Complicit in this cosy structure and the maintaining of it in situ are the trade union movement and the media, particularly the Independent News Group. The lines between public and “private” get blurred (particularly when “private” companies exist on public monies dubiously awarded)

Cross-pollinating relationships are rife across this structure. They reinforce themselves in public bodies and quangos, in departments and private lobby companies, in our now-insolvent banks and union movement. The potential for conflicts of interest are huge but this power circle know how not to rock the boat and know that even if they do get caught out, the way to go is to simply brazen it out and further lower standards in Ireland until we arrive at where we are today, with public standards in the sewer and corruption everywhere in Irish public life.

So it doesn’t really matter who is in the Dail because these people have no real power and are there basically to serve those who exercise the other 90% of the power in the country. Those who exercise that 90% of the power would not tolerate able, talented, public-spirited people in elected office because such people are difficult to control.

In short, TDs and Senators, with a couple of exceptions, are the hired help, there to serve those who exercise 90% of the power. Which is why the quality is so low. They are happy to take the vast paychecks and unvouched expenses that comes with the office they hold. But that is the very point. They are in office but NOT in power because they don’t exercise the power.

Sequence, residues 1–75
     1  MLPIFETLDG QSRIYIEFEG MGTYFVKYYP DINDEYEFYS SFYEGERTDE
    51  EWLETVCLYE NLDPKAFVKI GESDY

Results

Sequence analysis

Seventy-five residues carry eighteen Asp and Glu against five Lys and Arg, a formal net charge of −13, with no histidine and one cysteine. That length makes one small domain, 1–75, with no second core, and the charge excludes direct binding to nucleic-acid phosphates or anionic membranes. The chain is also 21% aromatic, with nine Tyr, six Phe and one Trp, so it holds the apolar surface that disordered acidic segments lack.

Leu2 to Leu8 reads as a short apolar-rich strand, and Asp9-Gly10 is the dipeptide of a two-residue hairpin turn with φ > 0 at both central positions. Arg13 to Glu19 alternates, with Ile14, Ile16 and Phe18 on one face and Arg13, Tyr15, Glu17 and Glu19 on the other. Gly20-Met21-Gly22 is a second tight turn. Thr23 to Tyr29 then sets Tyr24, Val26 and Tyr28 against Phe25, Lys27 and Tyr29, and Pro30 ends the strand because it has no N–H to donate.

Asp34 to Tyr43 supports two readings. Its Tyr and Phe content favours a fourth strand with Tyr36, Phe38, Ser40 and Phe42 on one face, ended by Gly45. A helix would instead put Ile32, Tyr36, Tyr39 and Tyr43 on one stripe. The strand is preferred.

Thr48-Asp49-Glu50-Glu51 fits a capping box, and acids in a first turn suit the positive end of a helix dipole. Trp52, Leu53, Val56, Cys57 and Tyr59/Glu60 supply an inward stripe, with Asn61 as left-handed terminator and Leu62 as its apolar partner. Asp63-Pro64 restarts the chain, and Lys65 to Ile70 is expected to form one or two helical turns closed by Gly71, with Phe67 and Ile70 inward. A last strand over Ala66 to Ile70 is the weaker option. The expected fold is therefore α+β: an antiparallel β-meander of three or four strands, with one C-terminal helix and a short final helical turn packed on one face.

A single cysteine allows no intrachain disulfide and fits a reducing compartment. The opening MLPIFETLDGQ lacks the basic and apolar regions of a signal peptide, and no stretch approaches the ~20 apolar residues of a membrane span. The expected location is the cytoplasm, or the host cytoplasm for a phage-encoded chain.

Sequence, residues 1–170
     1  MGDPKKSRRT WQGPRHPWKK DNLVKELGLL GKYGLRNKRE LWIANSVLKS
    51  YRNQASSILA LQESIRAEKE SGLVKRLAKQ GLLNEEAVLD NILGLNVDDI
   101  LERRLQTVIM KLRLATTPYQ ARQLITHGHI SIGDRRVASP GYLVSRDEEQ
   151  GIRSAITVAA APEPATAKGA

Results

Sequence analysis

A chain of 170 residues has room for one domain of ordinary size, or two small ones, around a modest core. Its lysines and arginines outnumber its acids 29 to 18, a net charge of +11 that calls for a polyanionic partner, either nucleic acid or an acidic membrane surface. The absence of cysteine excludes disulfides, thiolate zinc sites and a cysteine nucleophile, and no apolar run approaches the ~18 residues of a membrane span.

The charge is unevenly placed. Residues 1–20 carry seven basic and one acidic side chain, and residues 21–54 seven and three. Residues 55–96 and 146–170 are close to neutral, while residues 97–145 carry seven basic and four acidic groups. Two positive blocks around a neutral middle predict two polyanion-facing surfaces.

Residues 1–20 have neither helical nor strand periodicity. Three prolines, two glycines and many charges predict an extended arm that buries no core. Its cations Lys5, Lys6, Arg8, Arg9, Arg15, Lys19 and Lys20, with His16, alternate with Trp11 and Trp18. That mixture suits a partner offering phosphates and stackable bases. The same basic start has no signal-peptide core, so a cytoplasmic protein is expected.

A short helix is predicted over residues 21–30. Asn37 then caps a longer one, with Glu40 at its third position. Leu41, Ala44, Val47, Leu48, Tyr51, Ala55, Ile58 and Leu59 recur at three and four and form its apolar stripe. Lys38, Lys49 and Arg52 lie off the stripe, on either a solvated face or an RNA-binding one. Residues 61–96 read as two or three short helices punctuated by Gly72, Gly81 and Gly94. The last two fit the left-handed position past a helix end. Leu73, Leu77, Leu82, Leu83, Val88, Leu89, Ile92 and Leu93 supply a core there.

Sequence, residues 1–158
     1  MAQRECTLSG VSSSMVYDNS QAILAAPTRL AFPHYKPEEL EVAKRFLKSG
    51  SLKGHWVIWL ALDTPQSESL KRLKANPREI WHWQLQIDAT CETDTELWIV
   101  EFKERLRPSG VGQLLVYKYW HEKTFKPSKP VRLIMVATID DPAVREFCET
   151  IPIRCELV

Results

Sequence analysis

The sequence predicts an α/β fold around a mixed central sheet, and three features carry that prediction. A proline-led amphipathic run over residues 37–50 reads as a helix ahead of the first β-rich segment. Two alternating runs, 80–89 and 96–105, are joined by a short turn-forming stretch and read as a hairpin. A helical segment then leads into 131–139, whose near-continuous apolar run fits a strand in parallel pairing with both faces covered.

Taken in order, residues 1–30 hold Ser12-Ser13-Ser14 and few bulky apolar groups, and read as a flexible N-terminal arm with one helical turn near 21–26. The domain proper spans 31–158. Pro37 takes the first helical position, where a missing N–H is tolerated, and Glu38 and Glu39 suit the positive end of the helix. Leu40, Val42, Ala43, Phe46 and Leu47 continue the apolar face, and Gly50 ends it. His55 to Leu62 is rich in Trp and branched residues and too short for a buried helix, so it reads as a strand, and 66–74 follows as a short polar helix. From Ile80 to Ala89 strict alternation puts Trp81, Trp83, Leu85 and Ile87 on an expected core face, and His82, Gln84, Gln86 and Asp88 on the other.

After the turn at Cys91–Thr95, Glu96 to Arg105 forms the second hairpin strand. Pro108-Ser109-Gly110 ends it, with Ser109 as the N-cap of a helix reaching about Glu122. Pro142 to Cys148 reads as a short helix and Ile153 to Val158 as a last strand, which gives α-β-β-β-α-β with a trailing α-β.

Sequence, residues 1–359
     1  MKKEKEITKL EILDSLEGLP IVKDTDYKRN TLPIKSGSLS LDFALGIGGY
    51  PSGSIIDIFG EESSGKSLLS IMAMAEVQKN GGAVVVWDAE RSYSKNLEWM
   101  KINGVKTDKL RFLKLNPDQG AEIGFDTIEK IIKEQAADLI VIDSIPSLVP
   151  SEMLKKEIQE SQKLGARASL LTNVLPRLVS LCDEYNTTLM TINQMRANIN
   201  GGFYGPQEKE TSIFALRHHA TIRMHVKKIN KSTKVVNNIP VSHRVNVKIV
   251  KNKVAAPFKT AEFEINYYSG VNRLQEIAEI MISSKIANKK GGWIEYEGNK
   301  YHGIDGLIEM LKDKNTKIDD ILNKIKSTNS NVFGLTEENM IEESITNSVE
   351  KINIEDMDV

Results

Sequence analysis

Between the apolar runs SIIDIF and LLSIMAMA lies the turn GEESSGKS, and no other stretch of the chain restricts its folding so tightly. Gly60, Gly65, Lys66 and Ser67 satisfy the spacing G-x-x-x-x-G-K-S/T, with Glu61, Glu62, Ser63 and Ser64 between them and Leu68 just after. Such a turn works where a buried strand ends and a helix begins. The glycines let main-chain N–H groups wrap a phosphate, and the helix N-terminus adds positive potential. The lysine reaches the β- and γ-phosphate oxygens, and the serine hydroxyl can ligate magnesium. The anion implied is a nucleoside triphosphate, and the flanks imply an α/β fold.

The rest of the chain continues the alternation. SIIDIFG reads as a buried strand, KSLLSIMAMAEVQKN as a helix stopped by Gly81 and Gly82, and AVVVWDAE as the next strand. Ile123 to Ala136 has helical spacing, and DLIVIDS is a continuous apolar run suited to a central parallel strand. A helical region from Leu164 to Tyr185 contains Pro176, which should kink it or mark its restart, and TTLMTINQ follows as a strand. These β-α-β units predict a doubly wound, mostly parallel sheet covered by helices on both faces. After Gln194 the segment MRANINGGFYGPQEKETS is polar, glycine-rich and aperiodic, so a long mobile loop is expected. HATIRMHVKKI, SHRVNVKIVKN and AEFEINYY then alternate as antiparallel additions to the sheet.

When I mention the word nomenklatura, this is what I mean.

Slim Buddha  22 July 2010

Catastrophes Past and Present
July 16, 2010

Famine Commemoration Day

I’ve often wondered how different families who remained in Ireland survived the famine (what doesn’t kill yee, makes yee stronger), especially the peasant families like my own. The subject was taboo with all my grand parental units. I do know on my mother’s side that the family returned from the US in the late 19th century, which is quite unusual. Add a Kelly from Donegal to the equation (but his family history is completely lost as he was a blow-in hired from a job fair in Strabane) and I have my maternal side covered as much as possible. My paternal side just wouldn’t talk about it, though again several brothers ventured to NY to dig the subway tunnels and returned to Ireland, but this was well after the famine. Maybe the paternal side were good hunter-gathers and were just too ashamed to talk about it. (I also wonder if their antagonism against tinkers was a realisation that but for fate they too would have been travellers. In fact, I’ve met settled travellers in the North East of the same surname and spelling. I got a good grilling when I applied for my southern driving license, and I couldn’t understand at the time why all the fuss. Then I learned about my long lost cousins.)